My cat as a helper
When I discovered that my stomach and intestinal issues were actually abdominal migraines, I stopped taking all the stomach medicines—which never worked anyway. Now whenever I start feeling the least bit gassy, I take something for a migraine. My cat warns me if my stomach doesn’t. Makes having migraines most days of the month more bearable. Also since we got Sprout (the cat), I have not ended up in the ER because I started throwing up and then couldn’t stop. The medication they started giving me when they saw it was me again, not only worked to stop me from throwing up, as a side effect, it helped stop migraines.
I also have to be very careful and read food labels or ask questions about the food that is being served if I eat over at someone’s house or if I eat out at a restaurant. Chemical additives to food are among my biggest migraine triggers. They will trigger the worst migraines I have. While stress causes my migraines also, they—for some reason—are never as bad as the migraines I get because of chemical sensitivities. I cannot eat regular ham, bacon, pepperoni, etc. Anything with nitrates/nitrites, MSG—with the many names they have been putting on the label so that they don’t actually come out and say MSG--, and artificial sweeteners are the worst offenders.
Learning my migraine signs and symptoms
I’ve been reading a lot of the articles on the Migraines website. When one of them talked about some of the things they had noticed happened before the onset of a migraine, I kept going, “I get that.” Or “I have that problem.” Now I know and with those things and with Sprout warning me, I can get to them quicker and get rid of them sooner. There are still some days that I have to take to the bed, but I’m not there as long. For all the years I’ve been having migraines, I never knew that when my hair hurt, it was a precursor to a migraine. I also never knew that when something just touching my arm, or leg made it hurt, it was another precursor to a migraine. I learned 50 years ago that I can’t take really loud noises—even when I don’t have a migraine. In fact being in a place where the noise level is really loud, means I will be having a migraine—even if I try to take something to prevent it, it won’t help. I’ve also discovered that some days, when those strands of hair that just refuse to stay where they put start touching my face and neck and they just seem to make wherever they touch hurt, that means I’m going to have a really bad migraine and may end up in bed for several hours.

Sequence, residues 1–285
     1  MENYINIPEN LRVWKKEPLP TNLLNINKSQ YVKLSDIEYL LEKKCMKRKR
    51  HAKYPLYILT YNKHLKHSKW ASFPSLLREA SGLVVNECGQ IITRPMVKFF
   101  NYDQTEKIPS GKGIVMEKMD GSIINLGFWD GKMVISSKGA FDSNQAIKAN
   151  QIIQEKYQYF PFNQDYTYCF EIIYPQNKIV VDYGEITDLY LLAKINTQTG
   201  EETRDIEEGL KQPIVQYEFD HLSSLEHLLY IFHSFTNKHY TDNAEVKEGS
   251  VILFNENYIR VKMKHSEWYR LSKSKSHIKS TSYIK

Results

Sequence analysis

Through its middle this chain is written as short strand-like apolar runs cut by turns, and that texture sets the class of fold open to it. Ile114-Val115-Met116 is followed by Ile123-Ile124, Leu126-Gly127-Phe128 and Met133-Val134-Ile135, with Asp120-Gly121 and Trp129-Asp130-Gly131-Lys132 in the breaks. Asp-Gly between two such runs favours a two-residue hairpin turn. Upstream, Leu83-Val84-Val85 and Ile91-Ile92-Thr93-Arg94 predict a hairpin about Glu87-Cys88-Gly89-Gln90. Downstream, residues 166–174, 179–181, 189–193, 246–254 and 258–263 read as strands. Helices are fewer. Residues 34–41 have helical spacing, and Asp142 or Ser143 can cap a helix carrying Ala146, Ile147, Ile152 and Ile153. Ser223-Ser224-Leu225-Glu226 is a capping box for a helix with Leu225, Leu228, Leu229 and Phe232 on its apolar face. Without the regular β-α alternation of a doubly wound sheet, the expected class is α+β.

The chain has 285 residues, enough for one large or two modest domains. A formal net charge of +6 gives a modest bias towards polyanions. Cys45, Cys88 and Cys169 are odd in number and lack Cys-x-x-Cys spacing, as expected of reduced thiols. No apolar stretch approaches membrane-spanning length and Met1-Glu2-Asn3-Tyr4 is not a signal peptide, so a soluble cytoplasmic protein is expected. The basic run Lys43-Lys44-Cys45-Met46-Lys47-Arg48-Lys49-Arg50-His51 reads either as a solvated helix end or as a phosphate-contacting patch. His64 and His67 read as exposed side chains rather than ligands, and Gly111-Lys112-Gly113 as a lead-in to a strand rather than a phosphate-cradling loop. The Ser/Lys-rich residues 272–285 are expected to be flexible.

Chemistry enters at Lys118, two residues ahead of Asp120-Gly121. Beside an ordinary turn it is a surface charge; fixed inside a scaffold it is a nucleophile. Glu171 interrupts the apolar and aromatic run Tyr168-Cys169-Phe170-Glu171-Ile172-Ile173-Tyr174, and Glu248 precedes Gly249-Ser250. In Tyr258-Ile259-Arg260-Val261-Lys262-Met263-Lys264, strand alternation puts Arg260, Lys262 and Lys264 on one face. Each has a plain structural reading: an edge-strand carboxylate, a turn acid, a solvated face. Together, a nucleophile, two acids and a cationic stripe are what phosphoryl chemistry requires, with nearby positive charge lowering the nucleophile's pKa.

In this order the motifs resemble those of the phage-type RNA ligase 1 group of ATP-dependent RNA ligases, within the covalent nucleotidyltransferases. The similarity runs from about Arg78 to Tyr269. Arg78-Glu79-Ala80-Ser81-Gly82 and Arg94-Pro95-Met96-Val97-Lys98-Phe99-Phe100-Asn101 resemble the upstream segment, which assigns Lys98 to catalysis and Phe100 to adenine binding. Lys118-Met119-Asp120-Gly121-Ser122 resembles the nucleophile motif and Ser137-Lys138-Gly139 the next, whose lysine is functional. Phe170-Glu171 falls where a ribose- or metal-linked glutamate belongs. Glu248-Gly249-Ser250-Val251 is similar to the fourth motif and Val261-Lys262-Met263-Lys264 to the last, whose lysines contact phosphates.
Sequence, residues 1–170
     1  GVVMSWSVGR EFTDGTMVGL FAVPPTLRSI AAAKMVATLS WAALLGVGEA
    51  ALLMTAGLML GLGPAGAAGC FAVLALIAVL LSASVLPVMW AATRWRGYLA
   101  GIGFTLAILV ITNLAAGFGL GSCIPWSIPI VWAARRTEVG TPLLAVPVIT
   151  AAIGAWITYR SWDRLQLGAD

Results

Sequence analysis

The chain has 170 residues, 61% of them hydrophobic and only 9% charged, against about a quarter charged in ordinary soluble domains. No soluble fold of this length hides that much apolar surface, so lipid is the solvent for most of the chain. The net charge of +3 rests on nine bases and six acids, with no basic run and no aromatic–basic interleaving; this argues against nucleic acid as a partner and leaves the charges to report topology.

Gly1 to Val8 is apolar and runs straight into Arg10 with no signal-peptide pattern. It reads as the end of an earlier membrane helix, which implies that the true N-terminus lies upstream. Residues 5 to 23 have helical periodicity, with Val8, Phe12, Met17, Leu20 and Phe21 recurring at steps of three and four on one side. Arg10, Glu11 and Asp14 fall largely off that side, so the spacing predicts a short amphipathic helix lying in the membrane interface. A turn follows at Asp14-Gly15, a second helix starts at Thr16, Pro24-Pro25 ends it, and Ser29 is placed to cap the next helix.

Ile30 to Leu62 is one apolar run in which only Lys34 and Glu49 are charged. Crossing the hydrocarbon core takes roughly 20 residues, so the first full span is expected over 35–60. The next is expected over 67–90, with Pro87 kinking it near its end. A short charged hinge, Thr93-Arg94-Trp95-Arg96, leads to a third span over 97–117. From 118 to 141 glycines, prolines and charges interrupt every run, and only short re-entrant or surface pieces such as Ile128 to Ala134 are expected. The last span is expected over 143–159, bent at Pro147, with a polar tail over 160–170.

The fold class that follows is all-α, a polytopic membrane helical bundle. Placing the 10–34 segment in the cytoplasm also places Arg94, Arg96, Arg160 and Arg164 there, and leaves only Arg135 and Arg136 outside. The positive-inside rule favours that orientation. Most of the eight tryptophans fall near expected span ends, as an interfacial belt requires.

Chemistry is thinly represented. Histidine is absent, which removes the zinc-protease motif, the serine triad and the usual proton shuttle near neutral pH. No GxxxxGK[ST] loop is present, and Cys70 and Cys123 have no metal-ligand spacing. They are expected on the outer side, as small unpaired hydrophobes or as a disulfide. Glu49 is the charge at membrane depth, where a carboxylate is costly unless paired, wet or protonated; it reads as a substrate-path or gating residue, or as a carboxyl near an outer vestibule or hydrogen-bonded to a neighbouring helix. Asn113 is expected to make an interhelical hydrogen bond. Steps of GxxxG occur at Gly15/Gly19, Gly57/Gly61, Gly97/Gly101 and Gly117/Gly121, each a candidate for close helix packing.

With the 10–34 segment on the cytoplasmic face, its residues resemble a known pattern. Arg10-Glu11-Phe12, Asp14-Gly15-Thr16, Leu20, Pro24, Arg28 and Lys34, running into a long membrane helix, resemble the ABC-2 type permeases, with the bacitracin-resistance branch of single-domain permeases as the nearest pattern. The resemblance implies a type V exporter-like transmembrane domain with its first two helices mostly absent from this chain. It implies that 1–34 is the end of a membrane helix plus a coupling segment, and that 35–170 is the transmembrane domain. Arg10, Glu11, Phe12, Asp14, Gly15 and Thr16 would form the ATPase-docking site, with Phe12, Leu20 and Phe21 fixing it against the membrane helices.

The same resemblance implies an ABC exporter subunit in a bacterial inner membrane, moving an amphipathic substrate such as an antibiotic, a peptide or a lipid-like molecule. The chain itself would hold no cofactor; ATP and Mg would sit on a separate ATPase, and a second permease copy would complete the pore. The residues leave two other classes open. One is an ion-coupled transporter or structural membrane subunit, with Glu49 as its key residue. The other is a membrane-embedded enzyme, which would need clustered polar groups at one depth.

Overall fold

It is not an easy journey, and it is hard when people think because you came out to work or to take care of your family, then there must not be anything wrong. I’ve often told people, “No, the reason I am here doing my job is not because I’m fine, or even okay. The reason I’m here is because I was taught a long time ago, that you still have to take care of business, even when you don’t feel good.” At home growing up, we all had chores, and I still had to do chores even when I didn’t feel good. And between migraines and asthma, I often didn’t feel good. The doctors told me that when I went through menopause, my migraines would end. Unfortunately for me, my migraines did not start with puberty, they started shortly after I was born. While I have known some people whose migraines went away when they hit menopause, I am not one of them, and sometimes it seems as though they are worse than before menopause.